Ode to My Son’s First Shooter Drill

Shelley Puhak

O shooter drill, I bow to your chipping

                 linoleum, your three syllables, your rusted

intercom. O shooter drill, for you, only

                 for you, we stuff our offspring into closets.

O shooter drill, I praise too the teachers who

                 call you by name, refusing lockdown,

or shelter-in-place, like the teacher who,

                 crouching in that closet too, surely wanted

my son to stop talking, my son who spoke

                 early and has been speaking up ever since,

my son who was, at first, incredulous: this doesn’t

                 make sense. O shooter drill, you conjure

changelings — this boy looks like mine, but he’s

                 been struck mute. O shooter drill, you maim me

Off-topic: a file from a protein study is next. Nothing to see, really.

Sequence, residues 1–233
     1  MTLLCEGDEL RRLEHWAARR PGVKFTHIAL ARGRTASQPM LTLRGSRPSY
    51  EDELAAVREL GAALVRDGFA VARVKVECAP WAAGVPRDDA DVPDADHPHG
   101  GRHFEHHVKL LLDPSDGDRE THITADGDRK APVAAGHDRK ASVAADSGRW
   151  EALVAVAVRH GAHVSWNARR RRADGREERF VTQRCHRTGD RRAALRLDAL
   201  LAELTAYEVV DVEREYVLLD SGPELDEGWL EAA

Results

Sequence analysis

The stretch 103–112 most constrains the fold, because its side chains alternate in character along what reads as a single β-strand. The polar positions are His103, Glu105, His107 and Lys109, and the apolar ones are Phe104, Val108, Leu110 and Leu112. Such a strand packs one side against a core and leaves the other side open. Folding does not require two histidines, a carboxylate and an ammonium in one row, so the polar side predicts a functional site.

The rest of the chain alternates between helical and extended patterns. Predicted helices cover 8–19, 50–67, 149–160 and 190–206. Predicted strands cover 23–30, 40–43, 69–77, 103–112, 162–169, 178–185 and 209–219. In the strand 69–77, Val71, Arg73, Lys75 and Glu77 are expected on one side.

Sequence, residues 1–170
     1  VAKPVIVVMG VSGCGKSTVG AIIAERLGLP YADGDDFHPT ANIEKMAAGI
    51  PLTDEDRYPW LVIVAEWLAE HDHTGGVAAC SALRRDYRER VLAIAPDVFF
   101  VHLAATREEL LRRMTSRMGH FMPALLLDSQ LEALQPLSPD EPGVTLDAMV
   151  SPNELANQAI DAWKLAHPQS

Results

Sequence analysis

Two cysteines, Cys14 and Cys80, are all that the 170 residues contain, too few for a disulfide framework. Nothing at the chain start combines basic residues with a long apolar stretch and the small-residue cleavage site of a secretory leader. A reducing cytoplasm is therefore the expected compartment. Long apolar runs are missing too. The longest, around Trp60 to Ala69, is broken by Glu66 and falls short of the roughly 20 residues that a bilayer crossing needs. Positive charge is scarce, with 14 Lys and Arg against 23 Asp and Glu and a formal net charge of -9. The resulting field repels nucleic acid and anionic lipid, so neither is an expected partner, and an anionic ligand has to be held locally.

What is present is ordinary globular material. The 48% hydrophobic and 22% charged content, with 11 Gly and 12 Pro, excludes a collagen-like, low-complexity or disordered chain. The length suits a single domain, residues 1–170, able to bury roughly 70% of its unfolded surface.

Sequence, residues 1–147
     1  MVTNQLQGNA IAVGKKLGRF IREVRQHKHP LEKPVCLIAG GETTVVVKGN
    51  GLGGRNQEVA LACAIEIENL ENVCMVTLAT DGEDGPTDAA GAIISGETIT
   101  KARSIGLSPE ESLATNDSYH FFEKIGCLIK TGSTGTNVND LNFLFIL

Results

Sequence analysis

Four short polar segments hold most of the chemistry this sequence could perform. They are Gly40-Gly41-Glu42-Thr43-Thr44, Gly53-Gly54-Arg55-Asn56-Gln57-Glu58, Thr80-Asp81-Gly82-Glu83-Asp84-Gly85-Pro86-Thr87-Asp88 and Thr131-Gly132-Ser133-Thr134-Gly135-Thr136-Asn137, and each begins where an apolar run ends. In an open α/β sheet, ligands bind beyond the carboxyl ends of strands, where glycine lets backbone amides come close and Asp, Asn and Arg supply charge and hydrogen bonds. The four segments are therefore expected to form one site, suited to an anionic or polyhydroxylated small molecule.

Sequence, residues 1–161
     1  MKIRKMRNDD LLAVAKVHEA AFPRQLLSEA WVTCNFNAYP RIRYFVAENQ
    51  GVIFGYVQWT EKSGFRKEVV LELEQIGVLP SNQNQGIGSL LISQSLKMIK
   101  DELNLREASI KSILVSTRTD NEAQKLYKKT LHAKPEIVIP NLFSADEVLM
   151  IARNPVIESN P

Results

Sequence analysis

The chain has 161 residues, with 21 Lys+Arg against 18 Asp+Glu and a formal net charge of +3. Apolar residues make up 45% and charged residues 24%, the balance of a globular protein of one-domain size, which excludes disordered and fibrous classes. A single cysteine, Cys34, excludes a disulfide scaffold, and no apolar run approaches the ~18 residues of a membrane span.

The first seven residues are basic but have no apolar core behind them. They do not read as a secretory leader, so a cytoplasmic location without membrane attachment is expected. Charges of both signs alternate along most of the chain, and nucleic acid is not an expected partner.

a liar too, murmuring you’re safe, you’re safe

                 while he sobs into his dump-truck quilt.

If tomorrow I wish to clasp his hand and

                 walk him to class, I will be the visitor

with the high-tech sticker on my left lapel —

                 my driver’s license picture color-coded for the

kindergarten wing. O shooter drill, I present to you:

                 my son, curled up tighter than his own cochlea, now

calcified quiet. O shooter drill — what a shit I am,

                 silent in my own closets, downing wine and Advil.

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